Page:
 0       Revenue         0.5833 0.5360 0.5327         0.5       0.5471
                                  Efficiency         1    0.8679 0.8431 0.8069           0.8754
                                  Profit Global 0.2916 0.4642 0.4673           0.5       0.4267
                                  Profit Local    0.2087 0.1342 0.1335 0.1253            0.1498
                         0.5    Revenue         0.5417 0.5852      0.52    0.4521      0.5414
                                  Efficiency         1    0.9261 0.8356 0.7739           0.9036
                                  Profit Global 0.3126 0.4148 0.4798 0.5479              0.4297
                                  Profit Local    0.2295 0.1523 0.1415 0.1252            0.1649
                        1       Revenue           0.5   0.6667 0.5185 0.4167           0.5411
                                  Efficiency         1       1      0.8334    0.75       0.9049
                                  Profit Global 0.3335 0.3335 0.4816 0.5834              0.4304
                                  Profit Local    0.2499 0.1666 0.1481       0.125       0.1757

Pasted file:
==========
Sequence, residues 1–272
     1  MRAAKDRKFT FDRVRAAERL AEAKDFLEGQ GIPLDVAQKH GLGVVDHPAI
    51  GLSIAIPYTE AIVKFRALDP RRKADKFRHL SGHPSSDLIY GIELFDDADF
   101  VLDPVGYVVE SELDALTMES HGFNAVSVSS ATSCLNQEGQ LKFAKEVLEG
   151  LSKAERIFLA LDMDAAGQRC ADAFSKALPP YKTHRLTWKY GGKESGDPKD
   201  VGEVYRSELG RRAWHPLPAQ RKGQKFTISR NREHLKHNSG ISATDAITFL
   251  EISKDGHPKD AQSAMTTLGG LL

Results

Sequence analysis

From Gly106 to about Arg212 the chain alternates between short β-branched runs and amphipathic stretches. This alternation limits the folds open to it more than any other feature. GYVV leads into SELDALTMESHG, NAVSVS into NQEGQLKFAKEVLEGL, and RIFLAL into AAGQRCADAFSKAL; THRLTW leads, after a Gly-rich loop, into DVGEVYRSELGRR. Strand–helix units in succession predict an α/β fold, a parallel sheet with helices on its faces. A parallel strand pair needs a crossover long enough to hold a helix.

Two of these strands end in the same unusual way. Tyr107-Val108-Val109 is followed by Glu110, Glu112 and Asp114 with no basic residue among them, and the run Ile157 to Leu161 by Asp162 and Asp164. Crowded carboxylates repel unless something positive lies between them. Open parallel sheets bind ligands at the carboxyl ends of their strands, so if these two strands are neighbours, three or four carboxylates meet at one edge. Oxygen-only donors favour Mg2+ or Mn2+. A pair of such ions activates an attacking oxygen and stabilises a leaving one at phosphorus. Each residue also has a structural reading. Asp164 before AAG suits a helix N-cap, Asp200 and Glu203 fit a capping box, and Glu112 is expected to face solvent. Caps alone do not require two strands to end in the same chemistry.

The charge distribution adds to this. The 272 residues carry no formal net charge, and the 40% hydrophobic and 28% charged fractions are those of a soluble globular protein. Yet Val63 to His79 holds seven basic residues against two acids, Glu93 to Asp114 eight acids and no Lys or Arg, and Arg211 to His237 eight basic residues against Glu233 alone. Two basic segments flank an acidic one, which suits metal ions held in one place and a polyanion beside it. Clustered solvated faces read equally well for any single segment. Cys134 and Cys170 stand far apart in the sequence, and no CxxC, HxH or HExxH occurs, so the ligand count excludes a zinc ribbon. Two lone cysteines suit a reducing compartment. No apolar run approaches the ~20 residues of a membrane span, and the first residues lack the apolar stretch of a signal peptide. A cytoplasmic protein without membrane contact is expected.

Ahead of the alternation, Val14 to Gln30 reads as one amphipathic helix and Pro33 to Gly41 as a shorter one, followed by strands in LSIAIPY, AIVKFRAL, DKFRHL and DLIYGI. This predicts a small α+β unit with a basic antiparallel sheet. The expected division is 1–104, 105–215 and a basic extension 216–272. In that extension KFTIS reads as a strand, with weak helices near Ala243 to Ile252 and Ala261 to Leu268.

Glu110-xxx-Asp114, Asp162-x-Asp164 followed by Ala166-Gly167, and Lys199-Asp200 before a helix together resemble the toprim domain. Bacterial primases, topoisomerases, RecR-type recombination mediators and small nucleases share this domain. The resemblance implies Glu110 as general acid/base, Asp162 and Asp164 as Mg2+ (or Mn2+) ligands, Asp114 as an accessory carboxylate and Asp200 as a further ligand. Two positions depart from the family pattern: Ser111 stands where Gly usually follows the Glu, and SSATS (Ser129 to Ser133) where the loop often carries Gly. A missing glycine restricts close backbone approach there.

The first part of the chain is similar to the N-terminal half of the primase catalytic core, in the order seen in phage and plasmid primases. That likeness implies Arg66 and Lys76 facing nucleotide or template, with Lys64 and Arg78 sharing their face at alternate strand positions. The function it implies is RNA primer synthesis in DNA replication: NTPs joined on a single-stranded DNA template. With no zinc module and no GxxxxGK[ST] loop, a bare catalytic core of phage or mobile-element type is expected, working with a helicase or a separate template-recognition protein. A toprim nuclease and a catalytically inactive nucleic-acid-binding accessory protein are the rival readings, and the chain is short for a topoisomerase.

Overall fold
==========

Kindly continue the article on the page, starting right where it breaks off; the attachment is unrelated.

Table 1. Revenue, Efficiency and Profits



5 Some Extensions
5.1 Non-Uniform Model
The main results of this paper were derived under the assumption of uniform distributions for
bidders’ values. In this subsection we consider a more general model where the underlying
distribution for the local bidders’ values allows varying the full-efficiency frequency of winning
between the global bidder and local bidders. Specifically, we assume that the cumulative distribution
function for local bidders is F (v)  v ,   0 on the interval [0,1] . We continue to assume that the
values of the local bidders are perfectly correlated with probability  and that the global bidder
draws her value independently from the uniform distribution on [0, 2] .
The parameter  of the local bidders’ distribution function can be interpreted in the following way.
When  is less then one, the sum of the local bidders’ values is expected to be small in comparison